Random witterings

geardrops:

tony-and-loki:

thefingerfuckingfemalefury:

cheskamouse:

craftastrophies:

edgebug:

Iron Man (2008): Deleted Scenes

Tony Comes Home

christ.

can you imagine though, jarvis all alone in tony’s malibu house? jarvis who of course doesn’t have any physical form at all, jarvis who at this point occupies just the house and tony’s phone—jarvis, who is dependent on tony for everything, who lives essentially in tony’s pocket, suddenly being completely alone for the first time in his silicon life.

and every ten minutes on the dot for days and days and days he accesses the latest news reports, re-calculating and re-calculating tony’s chances at survival, endlessly running the numbers. and nobody told him to do that. tony’s house was empty and dark and nobody told jarvis to keep an eye on the news but he did. jarvis could have just spun down his hard drives and gone into hibernate mode, but he didn’t.

no, he watched the news. he stood vigil. he waited and he hoped that his calculations were wrong. that one day he would be able to say welcome home, sir once more.

Emotional state: upset about robots.

Well yea, kids get upset when their parent isn’t around.

I HAVE SO MANY JARVIS FEELS RIGHT NOW

did you just get me upset over automated intelligence?

I’m not at all surprised that I was made upset about robots.

(Source: soirresponsible)

prostheticknowledge:

36 ventilators whirl 4.7m3 of packing chips

Latest installation from Zimoun uses simple materials to display turbulance - video embedded below:

From Creative Applications:

Opening this Saturday (April 26) at the Art Museum of Lugano in Switzerland, 36 ventilators, 4.7m³ packing chips is the new installation by Zimoun, the Bern-based artist known for his architecturally-minded platforms of sound. Zimoun yet again extends his installation inventory. Converting nine of the museum’s towering window spaces into ‘ventilation chambers’ (four ventilators are installed in each window) and filling them with polystyrene, Zimoun unleashes a perfect ‘plastic storm.’ Congregating into a mass that’s neither solid, gaseous nor liquid, the flakes perform a violent, otherworldy dance. With the phenonema trapped behind glass, we get to watch in wonder from the safety of the outside.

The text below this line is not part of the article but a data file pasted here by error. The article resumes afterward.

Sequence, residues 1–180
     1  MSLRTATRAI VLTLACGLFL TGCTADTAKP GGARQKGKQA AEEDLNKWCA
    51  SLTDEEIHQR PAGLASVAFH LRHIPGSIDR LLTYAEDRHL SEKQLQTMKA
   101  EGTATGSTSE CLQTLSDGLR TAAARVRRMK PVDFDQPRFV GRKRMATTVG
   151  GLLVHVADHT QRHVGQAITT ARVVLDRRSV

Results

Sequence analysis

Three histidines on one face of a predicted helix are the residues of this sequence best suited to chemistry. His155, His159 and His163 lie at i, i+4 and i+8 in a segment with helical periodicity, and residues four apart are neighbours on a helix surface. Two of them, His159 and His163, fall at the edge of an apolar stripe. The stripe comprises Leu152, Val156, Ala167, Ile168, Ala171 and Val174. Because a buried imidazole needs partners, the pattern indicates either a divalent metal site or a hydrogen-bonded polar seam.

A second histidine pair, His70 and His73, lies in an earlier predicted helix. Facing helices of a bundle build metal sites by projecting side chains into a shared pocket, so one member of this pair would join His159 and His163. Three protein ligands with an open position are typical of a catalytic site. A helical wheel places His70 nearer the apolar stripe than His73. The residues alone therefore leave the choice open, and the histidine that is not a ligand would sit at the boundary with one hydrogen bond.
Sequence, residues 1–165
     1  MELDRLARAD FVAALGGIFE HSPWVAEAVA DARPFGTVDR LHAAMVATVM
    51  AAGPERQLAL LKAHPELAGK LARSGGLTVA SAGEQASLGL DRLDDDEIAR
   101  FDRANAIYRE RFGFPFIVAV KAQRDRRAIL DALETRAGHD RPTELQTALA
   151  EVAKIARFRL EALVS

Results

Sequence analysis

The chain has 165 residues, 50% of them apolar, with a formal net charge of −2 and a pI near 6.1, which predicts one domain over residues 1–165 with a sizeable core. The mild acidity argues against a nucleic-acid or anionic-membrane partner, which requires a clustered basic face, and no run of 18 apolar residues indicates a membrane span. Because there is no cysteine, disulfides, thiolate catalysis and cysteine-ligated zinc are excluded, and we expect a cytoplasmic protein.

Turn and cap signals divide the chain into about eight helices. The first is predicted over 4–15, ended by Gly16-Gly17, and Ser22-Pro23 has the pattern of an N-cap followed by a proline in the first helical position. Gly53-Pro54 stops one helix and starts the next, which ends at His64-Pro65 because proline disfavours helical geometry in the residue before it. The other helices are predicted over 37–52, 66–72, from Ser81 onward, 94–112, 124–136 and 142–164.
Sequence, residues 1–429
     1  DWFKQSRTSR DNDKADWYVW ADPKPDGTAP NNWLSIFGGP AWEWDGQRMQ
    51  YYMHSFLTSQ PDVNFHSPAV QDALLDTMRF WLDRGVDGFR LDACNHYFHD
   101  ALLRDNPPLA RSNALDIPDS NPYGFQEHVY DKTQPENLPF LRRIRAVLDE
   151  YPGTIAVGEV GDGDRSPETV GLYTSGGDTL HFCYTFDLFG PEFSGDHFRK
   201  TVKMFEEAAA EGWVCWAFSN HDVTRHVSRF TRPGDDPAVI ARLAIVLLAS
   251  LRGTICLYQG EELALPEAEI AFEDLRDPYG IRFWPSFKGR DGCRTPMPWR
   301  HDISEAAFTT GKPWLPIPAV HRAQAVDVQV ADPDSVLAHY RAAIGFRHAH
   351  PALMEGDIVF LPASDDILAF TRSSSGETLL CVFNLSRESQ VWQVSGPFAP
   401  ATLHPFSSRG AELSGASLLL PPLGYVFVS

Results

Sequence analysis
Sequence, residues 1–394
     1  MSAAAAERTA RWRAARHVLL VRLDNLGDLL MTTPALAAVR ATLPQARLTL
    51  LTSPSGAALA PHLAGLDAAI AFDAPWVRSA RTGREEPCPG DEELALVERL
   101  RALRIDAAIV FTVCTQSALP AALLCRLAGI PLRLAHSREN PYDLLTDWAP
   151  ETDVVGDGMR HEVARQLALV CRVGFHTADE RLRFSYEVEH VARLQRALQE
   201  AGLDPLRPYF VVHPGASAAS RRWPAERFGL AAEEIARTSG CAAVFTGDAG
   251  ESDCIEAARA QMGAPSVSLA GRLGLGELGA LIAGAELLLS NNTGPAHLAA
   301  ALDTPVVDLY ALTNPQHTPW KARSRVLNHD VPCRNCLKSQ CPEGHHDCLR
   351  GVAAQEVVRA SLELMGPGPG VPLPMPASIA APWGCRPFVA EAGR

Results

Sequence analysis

More at Creative Applications here
Zimoun is also featured in Creative Application’s new magazine HOLO, which you can find out more here

(via laughterkey)

wheres-margo:

I hope this is readable (if it’s not I’ll reupload). I got handed this by a policeman outside of a tube station the other week and I think it’s an important bit of information that should be shared, especially as this blog reaches a lot of people in London who will use public transport

wheres-margo:

I hope this is readable (if it’s not I’ll reupload). I got handed this by a policeman outside of a tube station the other week and I think it’s an important bit of information that should be shared, especially as this blog reaches a lot of people in London who will use public transport

(via gideonhallett)

Inside the moody, introspective world of cult Captain America webcomic 'American Captain'.

hellotailor:

Created by comics artist Robyn Kenealy, American Captain a uniquely downbeat take on Steve Rogers, the alter ego of Marvel’s Captain America.

On a superficial level, Captain America is a classic square-jawed superhero, a staunchly moral and patriotic wartime icon who slowly evolved into the Hollywoodized Chris Evans character we know from movies like The Avengers.

Frozen and then reawoken in the present day, in many ways Steve Rogers is one of the most tragic superheroes around: a man trying to find his way in an alien environment, where all his friends are dead or dying of old age. American Captain borrows the diary comic style of indie artists like Robert Crumb and Alison Bechdel to explore how he deals (or doesn’t deal) with adjusting to life in the 21st century.

What made you decide to go this route with Captain America, of all characters? American Captain explores some pretty dark and downbeat topics that most people wouldn’t really associate with a hero that’s often perceived as being very wholesome.

Robyn Kenealey: Honestly I have some skeptical looks for anybody who thinks it’s normal to want to be a superhero. I don’t think it’s normal. I don’t think it’s normal to start fights with people in alleys (defending yourself is one thing. Actively starting fights? You may have some anger issues, son). I don’t think it’s normal to actively let the military put weird stuff in your body. Also, I’m not a fan of the historical consistency with which the military scoops up young men from shitty socio-economic situations and sends them to war.

The other thing I think a lot about in writing Steve’s character is that he’s a baby. He is (given the birthdate in the comics, not the movies), what, 23 when he’s frozen? He’s so, so young to be in the situation that he is. And that’s not unusual, but it is important, because it is so often invisible. So, so often, when you watch movies about WWII, something like Saving Private Ryan or Band of Brothers, or the Cap movies, in that Chris Evans is like 32 or something, you see actors who look like fully grown adults playing all of these these roles that in real life would have been staffed by very young men.

[READ MORE]

(via laughterkey)